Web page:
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My Son Has a Drug Addiction

My son has a drug addiction, possibly for years. He's lost several jobs and uses any money he has for the use of drugs and alcohol. He's confessed to me that he needs help, but he won't make the first step. What can I do, or how can I persuade him to seek help now?


The most difficult step in treatment for any addict is often the first step – admitting they have a problem and seeking treatment. Your son is the only person who can take that first step. Here are TWO key actions you can take right now to make that first step easier for him:

1) You can provide your son with information on treatment options in your area by directing him to the Substance Abuse and Mental Health Services Administration website or Haymarket Center. It might be beneficial to have you sit next to him and make the call to a treatment agency together. It is also helpful to meet with someone from a treatment center so that he can at least see what the environment looks like – in order to ease some of the fears that he may have about entering treatment. Most of these fears can be resolved by visiting the center to address these concerns with professional staff and by confronting them directly.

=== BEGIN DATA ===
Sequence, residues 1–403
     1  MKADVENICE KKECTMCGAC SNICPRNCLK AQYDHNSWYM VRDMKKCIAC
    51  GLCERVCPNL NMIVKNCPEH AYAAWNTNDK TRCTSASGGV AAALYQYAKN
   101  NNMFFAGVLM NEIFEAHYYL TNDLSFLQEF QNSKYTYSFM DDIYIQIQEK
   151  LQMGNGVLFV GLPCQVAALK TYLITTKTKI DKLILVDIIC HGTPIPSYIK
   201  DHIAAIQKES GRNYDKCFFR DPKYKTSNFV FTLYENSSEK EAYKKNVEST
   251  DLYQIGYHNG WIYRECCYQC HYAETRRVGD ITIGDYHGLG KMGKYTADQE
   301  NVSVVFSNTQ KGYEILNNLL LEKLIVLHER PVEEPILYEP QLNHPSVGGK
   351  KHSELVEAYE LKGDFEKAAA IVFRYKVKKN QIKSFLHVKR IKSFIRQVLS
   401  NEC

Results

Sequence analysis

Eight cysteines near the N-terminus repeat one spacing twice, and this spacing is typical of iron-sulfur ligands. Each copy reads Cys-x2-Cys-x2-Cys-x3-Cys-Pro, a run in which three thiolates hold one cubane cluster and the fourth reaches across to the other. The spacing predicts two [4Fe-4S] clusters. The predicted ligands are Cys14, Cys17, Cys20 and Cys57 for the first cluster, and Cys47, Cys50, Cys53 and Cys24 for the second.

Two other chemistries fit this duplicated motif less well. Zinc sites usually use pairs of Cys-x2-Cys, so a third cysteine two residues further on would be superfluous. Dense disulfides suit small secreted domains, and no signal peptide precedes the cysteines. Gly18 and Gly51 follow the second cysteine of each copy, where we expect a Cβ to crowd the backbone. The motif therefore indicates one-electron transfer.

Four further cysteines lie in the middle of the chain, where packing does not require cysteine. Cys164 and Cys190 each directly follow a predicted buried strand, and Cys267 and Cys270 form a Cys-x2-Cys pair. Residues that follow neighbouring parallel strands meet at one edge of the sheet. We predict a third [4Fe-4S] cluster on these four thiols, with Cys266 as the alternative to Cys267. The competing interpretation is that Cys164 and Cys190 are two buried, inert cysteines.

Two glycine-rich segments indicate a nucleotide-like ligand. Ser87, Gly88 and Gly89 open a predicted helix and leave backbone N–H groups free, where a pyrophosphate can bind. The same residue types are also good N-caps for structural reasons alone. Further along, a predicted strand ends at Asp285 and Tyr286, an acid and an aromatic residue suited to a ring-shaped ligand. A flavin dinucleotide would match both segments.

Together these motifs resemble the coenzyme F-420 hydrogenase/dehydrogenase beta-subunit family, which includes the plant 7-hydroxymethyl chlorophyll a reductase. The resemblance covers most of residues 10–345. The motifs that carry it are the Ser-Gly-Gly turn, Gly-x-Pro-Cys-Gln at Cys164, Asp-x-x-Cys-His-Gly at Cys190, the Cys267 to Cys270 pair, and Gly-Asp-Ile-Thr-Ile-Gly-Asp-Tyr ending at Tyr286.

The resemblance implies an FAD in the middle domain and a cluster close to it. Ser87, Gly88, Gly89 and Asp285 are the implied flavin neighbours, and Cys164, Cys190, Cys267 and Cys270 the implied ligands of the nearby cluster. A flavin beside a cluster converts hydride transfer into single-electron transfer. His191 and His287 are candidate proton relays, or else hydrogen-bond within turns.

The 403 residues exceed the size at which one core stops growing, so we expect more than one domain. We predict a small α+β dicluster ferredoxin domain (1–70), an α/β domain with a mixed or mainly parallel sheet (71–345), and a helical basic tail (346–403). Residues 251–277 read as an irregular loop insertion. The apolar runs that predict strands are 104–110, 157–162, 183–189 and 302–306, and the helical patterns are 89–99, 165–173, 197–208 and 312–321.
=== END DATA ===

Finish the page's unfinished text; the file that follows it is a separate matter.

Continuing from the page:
2) Help yourself identify healthy ways to support your son without unintentionally enabling or excusing his behavior. In a supportive, non-judgmental environment, learn directly from peers sharing their own experiences in dealing with someone else’s addiction. Nar-Anon (Al-Anon is specific to alcohol addiction) provides group support to relatives and friends concerned about the addiction or drug problem of another. Both organizations promote the practice of “taking what you like and leaving the rest” – you determine what can be applied to your own situation. You’ll come to understand that drug and alcohol addiction are chronic diseases that often require multiple treatments. You don’t mention if your son has a partner or family of his own. If so, they would also benefit from support groups. Many programs invite family participation in the patient’s recovery process.

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